Nokia 7020

A fashionable fold phone that uses light, color and metal finishes to convey personal style, you will never miss a thing with the stardust effect when you get a call or message, or tap twice to have the cover light up. Connect to social networks, and share pictures taken with the 2 mega pixel camera and shown on the bright display. The Nokia 7020 is expected to beging shipping in the fourth quarter of 2009 for an estimated retail price of EUR 90 before subsidies and taxes.
Lambeek concludes, “With our longstanding commitment to emerging markets, a Nokia customer can be confident that any product we offer meets a strict and consistent set of high-quality standards.  This is particularly important in markets where technical assistance and repair shops are not easily accessible.”

via Nokia – ShowPressRelease.

Integrating Radio and Mobile Telephony

In the last week Nokia released the model 5030.  It is a model developed by the Nokia team based in Beijing and targeted explicitly at the mobile phone maket in the developing world. The device combines the well-established information and communication technology of radio with mobile telephony, a technology only recently available for wide use by people in developing countries.  The Nokia 5030 should begin shipping in the second quarter of 2009 with an estimated price of €40 before taxes and subsidies.

The Nokia 5030 is branded as bringing “radio to the people”.  The model exemplifies convergence by combining the functionalities of a mobile phone with those of a portable radio receiver.  It features an internal FM radio antenna and a powerful loudspeaker.

This mobile phone model can be used either as a radio with 24 hours of listening time between charges, or as a phone with 10 hours talk time.  It is available in graphite or red, and needs to be laid on its side in radio mode. The device also packs a flashlight, and speaking clock and an alarm.  More importantly it supports 75 languages, 500 person phone book (and space for up to 250 SMS messages) and the ability to phone share and track pre-pay usage.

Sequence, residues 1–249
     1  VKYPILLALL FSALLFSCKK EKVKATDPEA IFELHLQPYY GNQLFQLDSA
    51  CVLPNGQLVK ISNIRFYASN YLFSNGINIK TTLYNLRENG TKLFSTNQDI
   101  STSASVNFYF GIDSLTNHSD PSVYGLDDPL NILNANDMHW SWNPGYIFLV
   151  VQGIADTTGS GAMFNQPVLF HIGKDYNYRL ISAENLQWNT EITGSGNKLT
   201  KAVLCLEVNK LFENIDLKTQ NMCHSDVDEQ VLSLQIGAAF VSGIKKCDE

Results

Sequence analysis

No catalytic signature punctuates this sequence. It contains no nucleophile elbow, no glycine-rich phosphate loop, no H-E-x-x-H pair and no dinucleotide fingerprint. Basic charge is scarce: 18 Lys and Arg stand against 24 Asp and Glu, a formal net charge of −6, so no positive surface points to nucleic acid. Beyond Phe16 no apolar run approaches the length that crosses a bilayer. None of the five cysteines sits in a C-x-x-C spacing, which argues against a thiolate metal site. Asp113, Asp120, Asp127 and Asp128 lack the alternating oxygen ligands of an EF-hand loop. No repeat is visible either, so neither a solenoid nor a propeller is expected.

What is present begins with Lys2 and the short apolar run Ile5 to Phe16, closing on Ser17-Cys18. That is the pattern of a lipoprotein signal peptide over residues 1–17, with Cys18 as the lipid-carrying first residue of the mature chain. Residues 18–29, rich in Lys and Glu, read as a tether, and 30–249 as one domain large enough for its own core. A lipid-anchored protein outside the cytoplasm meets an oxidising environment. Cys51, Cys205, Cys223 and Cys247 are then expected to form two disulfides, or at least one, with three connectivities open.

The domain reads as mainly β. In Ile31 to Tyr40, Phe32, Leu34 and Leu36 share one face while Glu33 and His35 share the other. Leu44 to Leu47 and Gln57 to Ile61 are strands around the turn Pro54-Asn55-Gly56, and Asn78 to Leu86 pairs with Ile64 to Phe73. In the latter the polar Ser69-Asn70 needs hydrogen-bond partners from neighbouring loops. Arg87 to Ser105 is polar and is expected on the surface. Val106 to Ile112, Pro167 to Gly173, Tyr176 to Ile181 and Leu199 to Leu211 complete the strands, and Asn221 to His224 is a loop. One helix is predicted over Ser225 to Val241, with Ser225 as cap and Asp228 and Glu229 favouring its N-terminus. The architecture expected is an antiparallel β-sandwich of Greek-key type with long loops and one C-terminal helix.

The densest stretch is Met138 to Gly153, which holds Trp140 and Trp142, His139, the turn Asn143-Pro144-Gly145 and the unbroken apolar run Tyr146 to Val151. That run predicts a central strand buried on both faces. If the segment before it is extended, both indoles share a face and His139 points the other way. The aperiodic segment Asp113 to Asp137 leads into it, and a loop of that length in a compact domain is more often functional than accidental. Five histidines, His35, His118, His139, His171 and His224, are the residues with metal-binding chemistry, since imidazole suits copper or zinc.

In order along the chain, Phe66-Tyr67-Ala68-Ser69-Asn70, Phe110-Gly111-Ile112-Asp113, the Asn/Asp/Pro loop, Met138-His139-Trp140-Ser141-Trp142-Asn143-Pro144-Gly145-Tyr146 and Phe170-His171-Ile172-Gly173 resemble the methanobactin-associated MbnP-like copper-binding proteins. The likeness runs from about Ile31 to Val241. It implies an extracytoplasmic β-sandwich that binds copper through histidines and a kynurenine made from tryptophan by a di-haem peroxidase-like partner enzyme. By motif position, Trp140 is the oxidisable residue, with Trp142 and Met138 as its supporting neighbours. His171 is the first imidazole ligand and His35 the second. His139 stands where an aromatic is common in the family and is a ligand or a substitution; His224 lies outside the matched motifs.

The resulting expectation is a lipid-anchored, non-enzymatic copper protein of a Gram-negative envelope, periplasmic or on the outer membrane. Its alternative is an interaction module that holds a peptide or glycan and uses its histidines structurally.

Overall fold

The inclusion of an FM Radio or some other audio entertainment platform on a mobile devices certainly isn’t a new idea.  It has been available as an option on many devices for some time now, and these devices are been becoming incrasingly affordable to users in developing countries.  So what (if any) is the significance of the release of the Nokia 5030?

I think that the Nokia 5030 is a device showing signs of technology producers taking into account the user requirements of people in developing countries.  Still, manufacturers such as Nokia need to show much greater underastanding of the limitations to communication in the environment where these people (especially rural dwellers) live.  Although it is a start the Nokia 5030 is a long way away form constituting a comprehensive information and communication device for the developing word.  To say the least, such a device would enable people not only to receive wireless communication but also to transmit it.  In areas with scarce mobile phone cover transmission is the remaining sticking point.  If Nokia see the solution to communication in less developed countries through the integration of mobile and radio I am wondering if there might be a comprehensive solution they can offer.  For a demonstraton of the problem, we need to look no further than the clear dichotomy between the use of mobile telephony and the use of VHF for the delivery of medical services in rural areas.  That dichotomy can be readily traced in many of the “mobile health for development” initiatives.